In the week since Microsoft CEO Steve Ballmer announced his (early) retirement, many opinions have surfaced about who his successor should be. Options include the return of founder and chairman Bill Gates, a la Steve Jobs’ return to Apple.
However, the question is not really of who, but what traits are needed for the next CEO to return Microsoft to its glory years.
If you read my article "Why More Marketers Are Taking The CEO Reins," which appeared on CMO.com last week, then you’ll know where I’m heading.
During Ballmer’s 13-year tenure, Microsoft failed to follow consumer trends for smart devices and Internet. It struggled to reinvent itself from a desktop PC-driven company in the fast-changing, consumer-friendly world dominated by mobile devices and social media. As a result, Microsoft yielded the spotlight (and its stock value) to companies including Apple, Google, and Facebook.
On the positive side, Microsoft still produces some of the biggest money-making products in the technology industry. Last quarter, Microsoft’s profit was nearly $5 billion--although one can argue that to protect its cash-making products, Microsoft became too defensive in an industry that requires aggressive innovation to stay ahead.
The good news is the company’s financials are still on a solid foundation; the bad news is it needs to catch up--and catch up quickly in an industry where it matters most for its long-term sustainability.
To revitalize Microsoft, the next CEO needs to possess the key traits of a marketer. As witnessed by the recent trend in CEO appointments of former CMOs, boards are realizing the need to win over the consumers. At the same time, consumers are more educated with access to the wealth of information via the Internet. From end-user reviews to nonbiased ratings, brands that tap into the consumer’s experience--taking into account their active and busy lives--are winning.
The Benefits Of A CMO As CEO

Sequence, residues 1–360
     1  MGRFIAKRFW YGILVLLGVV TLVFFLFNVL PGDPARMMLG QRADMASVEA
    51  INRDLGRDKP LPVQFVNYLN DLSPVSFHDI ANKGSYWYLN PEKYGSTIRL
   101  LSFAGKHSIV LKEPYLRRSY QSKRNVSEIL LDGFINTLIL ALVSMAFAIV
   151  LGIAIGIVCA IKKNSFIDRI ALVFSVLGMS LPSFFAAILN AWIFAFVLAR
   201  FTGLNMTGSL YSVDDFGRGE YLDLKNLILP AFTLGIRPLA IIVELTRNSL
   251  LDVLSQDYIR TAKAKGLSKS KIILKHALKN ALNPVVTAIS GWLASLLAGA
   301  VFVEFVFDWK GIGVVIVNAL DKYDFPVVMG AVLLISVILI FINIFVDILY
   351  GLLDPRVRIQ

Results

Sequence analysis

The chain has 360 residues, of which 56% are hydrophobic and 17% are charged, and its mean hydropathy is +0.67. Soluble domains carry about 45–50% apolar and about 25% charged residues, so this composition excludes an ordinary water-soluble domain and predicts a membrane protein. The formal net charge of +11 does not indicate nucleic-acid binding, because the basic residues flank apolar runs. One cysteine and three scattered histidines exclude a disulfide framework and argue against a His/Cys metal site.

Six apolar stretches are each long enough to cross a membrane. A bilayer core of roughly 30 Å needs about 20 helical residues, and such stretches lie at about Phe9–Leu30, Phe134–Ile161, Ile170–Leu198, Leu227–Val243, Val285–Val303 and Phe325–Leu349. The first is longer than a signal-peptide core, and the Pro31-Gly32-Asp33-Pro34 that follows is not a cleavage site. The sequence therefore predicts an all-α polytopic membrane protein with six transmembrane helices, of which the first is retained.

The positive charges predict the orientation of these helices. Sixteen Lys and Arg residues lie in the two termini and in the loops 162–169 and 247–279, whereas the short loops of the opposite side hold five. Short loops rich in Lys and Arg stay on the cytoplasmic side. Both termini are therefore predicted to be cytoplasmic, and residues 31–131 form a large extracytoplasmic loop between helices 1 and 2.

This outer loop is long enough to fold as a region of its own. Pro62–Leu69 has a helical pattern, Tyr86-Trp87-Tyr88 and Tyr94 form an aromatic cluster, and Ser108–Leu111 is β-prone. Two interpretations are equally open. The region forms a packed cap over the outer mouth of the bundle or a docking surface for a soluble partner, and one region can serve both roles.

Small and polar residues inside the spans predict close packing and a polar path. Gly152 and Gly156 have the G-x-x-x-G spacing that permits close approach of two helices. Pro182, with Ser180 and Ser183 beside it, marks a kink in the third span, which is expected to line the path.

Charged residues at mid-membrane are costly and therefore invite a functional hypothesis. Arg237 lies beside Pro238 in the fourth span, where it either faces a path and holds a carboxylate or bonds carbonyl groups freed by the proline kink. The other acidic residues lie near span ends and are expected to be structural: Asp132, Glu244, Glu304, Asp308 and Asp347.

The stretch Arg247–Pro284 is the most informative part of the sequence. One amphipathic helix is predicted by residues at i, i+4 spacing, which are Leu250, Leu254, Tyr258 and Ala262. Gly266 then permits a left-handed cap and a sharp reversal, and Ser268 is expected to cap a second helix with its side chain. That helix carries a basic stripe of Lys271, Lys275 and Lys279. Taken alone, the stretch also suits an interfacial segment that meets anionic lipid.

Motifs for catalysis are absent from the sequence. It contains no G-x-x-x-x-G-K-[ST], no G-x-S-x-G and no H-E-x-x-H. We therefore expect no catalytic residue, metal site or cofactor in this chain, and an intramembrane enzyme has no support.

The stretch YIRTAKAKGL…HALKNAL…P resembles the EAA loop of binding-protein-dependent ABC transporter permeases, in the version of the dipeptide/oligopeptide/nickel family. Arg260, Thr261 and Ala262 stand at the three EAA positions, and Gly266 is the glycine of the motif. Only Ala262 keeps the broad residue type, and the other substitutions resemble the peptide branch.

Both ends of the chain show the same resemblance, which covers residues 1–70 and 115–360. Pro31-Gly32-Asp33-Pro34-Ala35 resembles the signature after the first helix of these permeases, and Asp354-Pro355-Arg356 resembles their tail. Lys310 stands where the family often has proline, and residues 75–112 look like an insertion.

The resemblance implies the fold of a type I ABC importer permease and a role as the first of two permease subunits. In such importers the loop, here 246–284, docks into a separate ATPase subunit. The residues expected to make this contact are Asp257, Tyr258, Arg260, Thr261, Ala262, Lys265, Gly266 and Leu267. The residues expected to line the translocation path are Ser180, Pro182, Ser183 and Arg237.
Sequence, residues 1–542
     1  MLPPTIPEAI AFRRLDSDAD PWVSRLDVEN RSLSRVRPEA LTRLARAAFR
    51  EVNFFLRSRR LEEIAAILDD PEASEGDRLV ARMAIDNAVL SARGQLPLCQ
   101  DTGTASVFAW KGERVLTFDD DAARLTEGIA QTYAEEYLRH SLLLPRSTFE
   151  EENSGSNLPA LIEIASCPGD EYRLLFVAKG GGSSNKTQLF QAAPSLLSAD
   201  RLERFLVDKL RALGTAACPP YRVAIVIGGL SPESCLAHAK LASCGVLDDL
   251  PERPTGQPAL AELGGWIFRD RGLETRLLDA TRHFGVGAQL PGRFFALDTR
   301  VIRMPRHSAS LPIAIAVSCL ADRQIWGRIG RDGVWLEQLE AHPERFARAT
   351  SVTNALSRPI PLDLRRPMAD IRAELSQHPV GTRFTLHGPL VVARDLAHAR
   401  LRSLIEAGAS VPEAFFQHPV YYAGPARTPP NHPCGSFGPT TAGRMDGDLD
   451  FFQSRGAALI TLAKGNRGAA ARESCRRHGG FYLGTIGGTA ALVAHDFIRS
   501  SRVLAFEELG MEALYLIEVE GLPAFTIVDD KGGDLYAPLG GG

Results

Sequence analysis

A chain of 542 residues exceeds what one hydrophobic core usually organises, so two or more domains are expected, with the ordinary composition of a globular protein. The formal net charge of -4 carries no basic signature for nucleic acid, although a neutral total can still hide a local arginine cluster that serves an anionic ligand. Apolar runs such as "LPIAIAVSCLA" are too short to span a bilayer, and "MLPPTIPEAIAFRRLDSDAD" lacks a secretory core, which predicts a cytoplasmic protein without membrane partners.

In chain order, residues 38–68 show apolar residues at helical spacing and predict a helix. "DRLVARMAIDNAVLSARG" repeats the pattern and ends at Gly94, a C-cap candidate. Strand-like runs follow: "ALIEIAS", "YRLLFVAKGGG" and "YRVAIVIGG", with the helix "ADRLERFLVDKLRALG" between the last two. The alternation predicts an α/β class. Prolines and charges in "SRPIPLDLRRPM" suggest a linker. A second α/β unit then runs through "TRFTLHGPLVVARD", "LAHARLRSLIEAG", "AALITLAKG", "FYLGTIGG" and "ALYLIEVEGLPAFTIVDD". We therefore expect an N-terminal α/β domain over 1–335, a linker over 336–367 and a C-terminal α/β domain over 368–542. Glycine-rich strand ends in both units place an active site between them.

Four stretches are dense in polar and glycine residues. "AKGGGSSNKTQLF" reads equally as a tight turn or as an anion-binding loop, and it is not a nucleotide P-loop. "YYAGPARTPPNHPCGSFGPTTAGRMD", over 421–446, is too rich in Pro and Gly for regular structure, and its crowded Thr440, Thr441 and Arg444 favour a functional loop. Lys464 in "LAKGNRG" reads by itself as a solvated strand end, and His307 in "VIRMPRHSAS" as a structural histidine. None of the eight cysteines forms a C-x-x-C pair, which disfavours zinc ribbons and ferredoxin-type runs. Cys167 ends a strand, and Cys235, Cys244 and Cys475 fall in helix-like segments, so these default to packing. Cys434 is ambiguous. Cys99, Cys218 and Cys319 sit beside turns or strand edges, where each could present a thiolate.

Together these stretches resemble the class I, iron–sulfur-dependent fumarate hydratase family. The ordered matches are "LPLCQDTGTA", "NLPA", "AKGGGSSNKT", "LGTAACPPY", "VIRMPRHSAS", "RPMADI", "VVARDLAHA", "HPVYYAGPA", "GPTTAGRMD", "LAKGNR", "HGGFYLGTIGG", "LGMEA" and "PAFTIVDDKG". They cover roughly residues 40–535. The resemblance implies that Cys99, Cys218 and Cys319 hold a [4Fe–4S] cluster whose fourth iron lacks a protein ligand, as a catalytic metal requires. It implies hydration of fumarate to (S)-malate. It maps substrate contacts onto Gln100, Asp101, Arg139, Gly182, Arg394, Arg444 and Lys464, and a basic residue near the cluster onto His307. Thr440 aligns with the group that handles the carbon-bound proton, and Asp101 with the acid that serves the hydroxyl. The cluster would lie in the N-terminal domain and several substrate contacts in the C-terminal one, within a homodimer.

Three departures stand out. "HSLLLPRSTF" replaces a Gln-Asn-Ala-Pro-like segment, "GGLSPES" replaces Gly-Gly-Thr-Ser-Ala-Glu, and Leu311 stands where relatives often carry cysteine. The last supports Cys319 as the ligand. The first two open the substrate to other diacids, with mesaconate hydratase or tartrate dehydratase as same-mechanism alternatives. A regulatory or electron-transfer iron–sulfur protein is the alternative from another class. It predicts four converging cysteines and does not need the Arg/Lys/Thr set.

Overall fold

Shortly after Apple’s iPhone introduction, Ballmer predicted at a forum in Seattle in 2007 there was “no chance that the iPhone is going to get any significant market share.” Well, we know what happened. While Ballmer had his moments, Microsoft's next CEO needs to be consumer-centric. He or she will need to change the mindset of the organization from technology-focused to consumer-focused. Microsoft has focused on developing products and services primarily for the technician in the backroom rather than for the modern-day’s savvy consumer.
Make no mistake: Technological innovations are still critical, but not in the absence of understanding how they fit in and help enhance the consumer's daily life. This is where the CMO role of championing consumers and their future needs will be an invaluable trait to lead Microsoft out of its quagmire. A better understanding of consumer trends will provide the necessary clarity of Microsoft’s future path.
Microsoft's new CEO must champion:
1. Communication: Just as Ballmer was “stuck in the past,” so is the Microsoft brand. The next CEO needs to develop a vision that is relevant to the consumer and be able communicate that story in a compelling way to all the constituents. Most marketing executives are uniquely talented in communicating the message in a way that is as engaging as it is persuasive. CMOs have developed the compelling skill to tell a story, reaching and resonating with various stakeholders, including employees, board members, financial community, and--don’t forget--consumers.
2. Innovation: While the CEO may not be the one who innovates, he or she needs to embrace innovation and be willing to explore uncharted territories. Microsoft has lagged behind in innovation during Ballmer’s tenure; he did not emphasize nurturing of innovations, especially in the mobile segment.
The next CEO must seek and embrace new innovation, not only in technology, but also in building innovative business models as the mobile and social media world will continue to develop and mature. Technological innovations have shifted from desktop to mobile devices in our daily lives. This ability to identify and develop businesses innovations that deliver on unmet consumer needs are the skills marketers have developed throughout their careers.
3. Collaboration: The opportunity for the next CEO will be to tap into the enormous resources of Microsoft by building bridges across different businesses. Doing so will leverage the enormously talented organization to drive innovation, development, and adaption that will benefit consumers. This includes the next phase of Windows and Office for delivery over the Internet onto all types of devices, such as smartphones and tablets.
In the end, Microsoft’s next CEO must focus his or her onboarding period on establishing credibility and alignment with the other leaders in the organization and stakeholders–much sooner than later, as in before day one. It is imperative for the new leader to deliver better results faster.
As Microsoft seeks its next CEO, the ability to understand consumer trends, drive innovation in all aspects of the business, and communicate the Microsoft brand story should make CMOs among the strongest candidates for the job. Whether those traits make for better CEOs will depend on CMOs-turned-CEOs’ ultimate success in translating their abilities into results at the most senior level.